Thanksgiving travels cause spike in COVID-19 cases

Patrons flying out of the Greater Cincinnati/Northern Kentucky International Airport are required to wear masks on the planes and in the airport.

Photo by Blake Boyd

All people traveling on flights through Greater Cincinnati/Northern Kentucky International Airport are required to wear masks on the planes and in the airport.

By Blake Boyd

People gathered and traveled over the Thanksgiving holiday. And now there are too many COVID-19 cases for contact tracers to keep up, Butler County General Health District announced in a press release Tuesday.

Previously, the county’s contact tracers interviewed and isolated each positive COVID-19 case and then reached out to their recent contacts to let them know they’d been exposed. Butler County’s team of more than 150 contact tracers will now primarily focus on the most high-risk situations and will ask people who test positive to reach out to the people they’ve been in contact with themselves.

“Due to the unprecedented volume of cases, we are currently experiencing, and to protect our most vulnerable citizens, the Butler County General Health District (BCGHD) must pivot and prioritize case investigation interviews of people who have particularly high-risk situations,” the press release said.

Jennifer Bailer, Butler County health commissioner, said when cases are as high as they are now, contact tracing becomes less effective. She urged Butler County residents to become more rigorous in following CDC protocols. 

“When case numbers get as high as they are currently, research shows that contact tracing is of limited use in a community,” Bailer said. “It is really incumbent upon the community to not give COVID what it needs to spread. We know what to do to stop this pandemic — stay apart, wear a mask. COVID cannot spread without human hosts. If we stay apart we can decrease this pandemic.”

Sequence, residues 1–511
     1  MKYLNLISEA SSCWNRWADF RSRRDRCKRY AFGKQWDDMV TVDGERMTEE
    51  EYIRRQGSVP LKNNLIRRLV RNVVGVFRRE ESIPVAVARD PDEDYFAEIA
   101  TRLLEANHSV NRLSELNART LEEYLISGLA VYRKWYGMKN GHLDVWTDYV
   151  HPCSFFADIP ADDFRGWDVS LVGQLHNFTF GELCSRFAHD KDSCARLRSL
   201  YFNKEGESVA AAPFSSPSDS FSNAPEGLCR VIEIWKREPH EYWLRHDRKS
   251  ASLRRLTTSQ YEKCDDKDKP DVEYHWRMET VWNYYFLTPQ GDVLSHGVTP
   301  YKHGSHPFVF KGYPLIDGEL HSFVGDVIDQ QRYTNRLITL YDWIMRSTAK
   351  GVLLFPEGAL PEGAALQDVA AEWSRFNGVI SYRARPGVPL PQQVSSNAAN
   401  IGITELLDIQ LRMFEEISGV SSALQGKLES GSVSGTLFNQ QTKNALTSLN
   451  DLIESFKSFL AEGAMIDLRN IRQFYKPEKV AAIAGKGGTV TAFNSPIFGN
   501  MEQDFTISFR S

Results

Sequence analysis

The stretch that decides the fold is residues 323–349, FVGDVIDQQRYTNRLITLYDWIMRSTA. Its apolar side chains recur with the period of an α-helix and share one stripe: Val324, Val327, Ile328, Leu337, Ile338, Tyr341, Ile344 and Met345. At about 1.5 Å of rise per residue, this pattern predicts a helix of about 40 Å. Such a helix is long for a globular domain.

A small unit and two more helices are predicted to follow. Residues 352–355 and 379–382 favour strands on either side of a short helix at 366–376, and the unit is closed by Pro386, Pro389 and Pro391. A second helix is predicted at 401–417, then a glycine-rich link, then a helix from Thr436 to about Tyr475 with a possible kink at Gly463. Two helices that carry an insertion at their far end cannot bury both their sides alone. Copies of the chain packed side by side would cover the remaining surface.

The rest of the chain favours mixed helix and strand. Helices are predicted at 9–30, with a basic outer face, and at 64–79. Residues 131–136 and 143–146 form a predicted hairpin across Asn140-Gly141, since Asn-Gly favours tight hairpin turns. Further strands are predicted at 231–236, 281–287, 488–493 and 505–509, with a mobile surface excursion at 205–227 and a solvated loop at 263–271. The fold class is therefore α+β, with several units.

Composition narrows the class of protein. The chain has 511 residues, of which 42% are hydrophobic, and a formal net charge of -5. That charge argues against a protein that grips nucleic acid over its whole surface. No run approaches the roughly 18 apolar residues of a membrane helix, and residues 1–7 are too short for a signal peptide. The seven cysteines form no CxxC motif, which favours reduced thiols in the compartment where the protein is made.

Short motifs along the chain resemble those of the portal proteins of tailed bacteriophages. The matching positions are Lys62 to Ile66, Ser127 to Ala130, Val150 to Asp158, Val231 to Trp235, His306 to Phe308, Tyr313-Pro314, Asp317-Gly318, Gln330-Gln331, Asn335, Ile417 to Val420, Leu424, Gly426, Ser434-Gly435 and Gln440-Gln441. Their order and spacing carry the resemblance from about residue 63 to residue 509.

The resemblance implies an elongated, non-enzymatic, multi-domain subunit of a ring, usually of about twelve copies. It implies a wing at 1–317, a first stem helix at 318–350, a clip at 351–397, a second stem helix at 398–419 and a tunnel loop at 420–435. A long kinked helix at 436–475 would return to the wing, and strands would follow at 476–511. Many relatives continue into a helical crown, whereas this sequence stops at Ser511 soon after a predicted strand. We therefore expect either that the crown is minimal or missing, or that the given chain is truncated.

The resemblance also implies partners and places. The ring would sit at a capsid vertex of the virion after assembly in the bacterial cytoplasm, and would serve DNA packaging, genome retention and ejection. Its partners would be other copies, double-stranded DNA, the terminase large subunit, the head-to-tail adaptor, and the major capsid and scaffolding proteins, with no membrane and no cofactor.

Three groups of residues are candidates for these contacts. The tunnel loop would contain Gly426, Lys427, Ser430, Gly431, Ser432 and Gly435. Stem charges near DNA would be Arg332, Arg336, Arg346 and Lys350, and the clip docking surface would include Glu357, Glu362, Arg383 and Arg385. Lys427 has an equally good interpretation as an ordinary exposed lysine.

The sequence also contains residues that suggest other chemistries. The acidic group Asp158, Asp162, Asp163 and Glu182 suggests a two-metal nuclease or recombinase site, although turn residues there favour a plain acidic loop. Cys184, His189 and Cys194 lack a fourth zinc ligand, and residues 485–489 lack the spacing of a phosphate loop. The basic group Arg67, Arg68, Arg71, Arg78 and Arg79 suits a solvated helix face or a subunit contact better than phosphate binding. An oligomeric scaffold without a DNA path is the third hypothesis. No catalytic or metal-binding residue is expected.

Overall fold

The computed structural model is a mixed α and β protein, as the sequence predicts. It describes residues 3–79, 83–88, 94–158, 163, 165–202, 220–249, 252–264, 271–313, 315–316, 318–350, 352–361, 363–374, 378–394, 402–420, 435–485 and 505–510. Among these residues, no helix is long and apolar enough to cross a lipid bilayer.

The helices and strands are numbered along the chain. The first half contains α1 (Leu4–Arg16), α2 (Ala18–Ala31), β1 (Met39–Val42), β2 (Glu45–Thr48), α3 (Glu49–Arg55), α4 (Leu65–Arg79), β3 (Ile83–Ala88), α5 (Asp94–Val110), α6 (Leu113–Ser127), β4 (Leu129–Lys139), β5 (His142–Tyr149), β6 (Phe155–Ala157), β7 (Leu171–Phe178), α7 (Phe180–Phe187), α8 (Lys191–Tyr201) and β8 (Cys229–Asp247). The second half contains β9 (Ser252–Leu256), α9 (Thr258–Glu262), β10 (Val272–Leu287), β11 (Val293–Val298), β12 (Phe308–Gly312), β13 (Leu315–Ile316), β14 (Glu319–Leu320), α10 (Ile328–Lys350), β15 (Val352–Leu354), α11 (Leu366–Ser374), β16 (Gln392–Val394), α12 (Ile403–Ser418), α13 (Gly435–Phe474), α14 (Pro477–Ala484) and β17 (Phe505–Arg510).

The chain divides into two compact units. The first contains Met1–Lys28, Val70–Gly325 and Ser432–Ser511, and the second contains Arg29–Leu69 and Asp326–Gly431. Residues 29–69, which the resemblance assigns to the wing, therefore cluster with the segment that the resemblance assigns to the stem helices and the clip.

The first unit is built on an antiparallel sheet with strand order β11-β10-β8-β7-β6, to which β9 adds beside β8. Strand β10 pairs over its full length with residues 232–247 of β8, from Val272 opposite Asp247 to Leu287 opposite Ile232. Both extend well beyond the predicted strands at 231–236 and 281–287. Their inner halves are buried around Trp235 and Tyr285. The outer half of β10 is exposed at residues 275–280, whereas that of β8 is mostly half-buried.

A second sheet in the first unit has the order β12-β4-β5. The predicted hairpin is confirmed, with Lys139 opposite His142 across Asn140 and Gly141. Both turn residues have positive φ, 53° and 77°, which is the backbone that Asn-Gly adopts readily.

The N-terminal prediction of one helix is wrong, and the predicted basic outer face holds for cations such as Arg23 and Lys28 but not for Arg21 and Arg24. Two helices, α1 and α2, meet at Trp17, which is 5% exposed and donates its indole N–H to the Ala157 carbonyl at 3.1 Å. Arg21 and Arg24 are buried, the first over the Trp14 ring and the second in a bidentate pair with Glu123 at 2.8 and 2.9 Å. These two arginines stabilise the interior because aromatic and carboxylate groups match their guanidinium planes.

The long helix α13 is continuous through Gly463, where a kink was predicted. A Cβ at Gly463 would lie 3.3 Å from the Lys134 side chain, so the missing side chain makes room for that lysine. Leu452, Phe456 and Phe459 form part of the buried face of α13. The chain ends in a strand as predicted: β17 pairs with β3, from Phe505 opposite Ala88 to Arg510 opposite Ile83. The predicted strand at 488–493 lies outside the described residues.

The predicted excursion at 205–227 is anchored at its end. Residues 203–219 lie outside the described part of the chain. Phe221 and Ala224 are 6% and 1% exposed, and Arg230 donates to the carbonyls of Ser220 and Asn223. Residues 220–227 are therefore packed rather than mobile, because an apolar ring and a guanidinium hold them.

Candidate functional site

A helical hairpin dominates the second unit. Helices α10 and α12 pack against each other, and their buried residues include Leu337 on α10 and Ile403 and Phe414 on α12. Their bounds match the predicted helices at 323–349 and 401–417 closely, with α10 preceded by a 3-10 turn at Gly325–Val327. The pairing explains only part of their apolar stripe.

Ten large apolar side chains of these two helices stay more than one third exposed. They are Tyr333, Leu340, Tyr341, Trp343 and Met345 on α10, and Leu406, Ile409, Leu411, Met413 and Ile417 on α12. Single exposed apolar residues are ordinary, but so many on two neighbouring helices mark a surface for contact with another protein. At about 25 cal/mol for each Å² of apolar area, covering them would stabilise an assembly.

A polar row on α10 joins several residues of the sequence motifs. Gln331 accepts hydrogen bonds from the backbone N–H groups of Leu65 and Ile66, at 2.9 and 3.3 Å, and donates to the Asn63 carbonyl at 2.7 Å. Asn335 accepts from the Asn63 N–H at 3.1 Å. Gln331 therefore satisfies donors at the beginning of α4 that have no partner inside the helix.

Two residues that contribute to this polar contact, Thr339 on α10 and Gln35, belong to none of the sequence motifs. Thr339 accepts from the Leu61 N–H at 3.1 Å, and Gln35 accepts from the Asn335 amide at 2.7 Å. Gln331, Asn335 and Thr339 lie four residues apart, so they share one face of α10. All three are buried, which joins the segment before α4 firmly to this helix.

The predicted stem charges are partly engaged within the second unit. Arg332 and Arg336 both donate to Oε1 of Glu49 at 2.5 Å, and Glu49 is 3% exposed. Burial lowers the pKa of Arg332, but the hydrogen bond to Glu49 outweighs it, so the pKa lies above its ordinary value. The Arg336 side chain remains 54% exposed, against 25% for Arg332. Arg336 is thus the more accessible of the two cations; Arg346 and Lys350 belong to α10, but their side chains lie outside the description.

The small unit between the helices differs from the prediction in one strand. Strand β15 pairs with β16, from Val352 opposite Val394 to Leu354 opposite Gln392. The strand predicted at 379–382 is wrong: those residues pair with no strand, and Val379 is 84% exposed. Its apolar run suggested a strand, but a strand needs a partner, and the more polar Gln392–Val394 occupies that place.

About 100 of Butler County General Health District’s contact tracers are Miami University students contracted as part of a joint $275,800 program between the county and the university. The Miami students work remotely and are continuing their efforts from home after many left Oxford for winter break.

Kendall Leser, director of Miami’s public health program and principal investigator on the project, said the influx of new cases has overwhelmed the team’s ability to reach out to everyone they’d like to. “What we’ve been doing is shifting our priorities to focus on disease investigation,” Leser said. “That’s where we call and isolate the cases that come in and then ask those cases to inform their contacts of the need to quarantine.”

Leser said contact tracers could go back to calling everyone who had contact with a COVID-19 positive case if numbers go down. The health district’s press release said the post-Thanksgiving spike is expected to affect the county’s COVID-19 numbers throughout December and into January. 

Butler County has had  more than 17,000 cases of COVID-19 and cases have been up drastically this fall. Butler County had its highest number of new cases in a day Nov. 24 with 380. Prior to October, the highest number of new cases in a day was 154.

Across the country, public health workers are overwhelmed. The U.S. set its record with more than 2,800 COVID-19 deaths reported Wednesday, Dec. 2.